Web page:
New Haven’s charter may give a higher preference to city residents for civil service positions if the Board of Aldermen votes in favor of such a proposed revision this May.

One of three committees within the charter revision commission — responsible for drafting revisions to the city charter, which is updated once a decade — decided on the change at a meeting Thursday evening following testimony from local firefighter and community leader Darryl Brooks. In his testimony, Brooks argued that extending civil service hiring preference to New Haven residents who apply for emergency services and law enforcement positions is critical to New Haven’s stability.

Currently, residents of New Haven receive five additional points on a 100-point index designed to help quantify hiring decisions. The committee decided that they should instead receive 10 additional points for being residents, a point boost equal to that of veterans.

“People in minority communities often have a mistrust of police officers, but a police officer who grew up in city is [better equipped because he or she is] familiar with the challenges of the neighborhood, and … knows the community networks,” he said

The charter commission is divided into three committees, each of which is composed of five people and assigned by the board five proposed revisions to consider. The committee that met on Thursday also includes Helen Martin Dawson, Kevin Arnold, Ward 20 Alderwoman Delphine Clyburn and Ward 8 Alderman Michael Smart, who was excused absent from the meeting.

Fishman said the committee’s goal is to begin actively finding ways to recruit unemployed residents who want to contribute to the community. Brooks added the measure involving civil service positions would strengthen New Haven’s tax base.

“When people are gainfully employed, they are more likely to spend money where they live on businesses and in the form of property taxes,” he said.

City Hall legal counselor Victor Bolden offered the committee advice on how to define residency and how charter revision could improve city hiring practices. He proposed that the committee avoid the word “resident” in the charter because, legally, people can be residents of several cities at once. Instead, the committee opted to determine preference based on whether or not applicants are New Haven “electors,” meaning they vote in local elections.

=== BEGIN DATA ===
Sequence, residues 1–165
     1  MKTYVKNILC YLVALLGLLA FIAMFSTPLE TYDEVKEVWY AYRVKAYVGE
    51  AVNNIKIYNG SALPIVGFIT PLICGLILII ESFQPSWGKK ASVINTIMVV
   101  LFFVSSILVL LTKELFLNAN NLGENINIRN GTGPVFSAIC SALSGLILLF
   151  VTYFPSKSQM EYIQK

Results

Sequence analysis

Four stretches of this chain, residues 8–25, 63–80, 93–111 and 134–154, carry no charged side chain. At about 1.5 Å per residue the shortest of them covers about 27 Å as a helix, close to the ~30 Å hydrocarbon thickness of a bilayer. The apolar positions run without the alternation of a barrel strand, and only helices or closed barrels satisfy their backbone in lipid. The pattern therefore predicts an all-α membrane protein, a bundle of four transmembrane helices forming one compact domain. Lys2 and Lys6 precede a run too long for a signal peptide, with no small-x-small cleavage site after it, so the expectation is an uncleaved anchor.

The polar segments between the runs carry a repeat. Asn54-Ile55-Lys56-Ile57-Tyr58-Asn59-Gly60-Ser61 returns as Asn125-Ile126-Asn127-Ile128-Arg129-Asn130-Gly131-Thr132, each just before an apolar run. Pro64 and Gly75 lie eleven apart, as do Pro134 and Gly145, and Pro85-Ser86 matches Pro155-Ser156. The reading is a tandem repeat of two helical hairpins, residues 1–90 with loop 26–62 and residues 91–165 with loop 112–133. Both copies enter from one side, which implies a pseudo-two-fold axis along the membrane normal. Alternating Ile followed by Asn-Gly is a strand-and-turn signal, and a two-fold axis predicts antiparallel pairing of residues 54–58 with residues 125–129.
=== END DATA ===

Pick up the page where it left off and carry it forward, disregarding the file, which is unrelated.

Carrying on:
The board also tasked the committee with discussing potential charter reform related to the Democracy Fund, a relatively new program currently not included in the charter that provides public campaign financing for mayoral candidates. Fishman said that the fund, which is similar to programs that have been successful in several other states including Maine and Arizona, is still in its experimental phase and going through changes. While the members agreed that it is effective in encouraging more people to run for office, they thought it was not ingrained enough to be incorporated into the charter just yet.

“It’s important, but putting things in the charter as a specific detail forces the city and Board to do it,” Arnold said. “Putting it in in a broader sense reflects what we’d like to do. … That’s more of a statement.”

The committee that met Thursday will also discuss how to include the Civilian Review Board in the charter, an independent board that addresses citizens’ complaints of the New Haven Police Department, at next week’s meeting.

After the commission finishes its draft in May, the Board of Aldermen will vote on whether to approve it and send it to voters in November.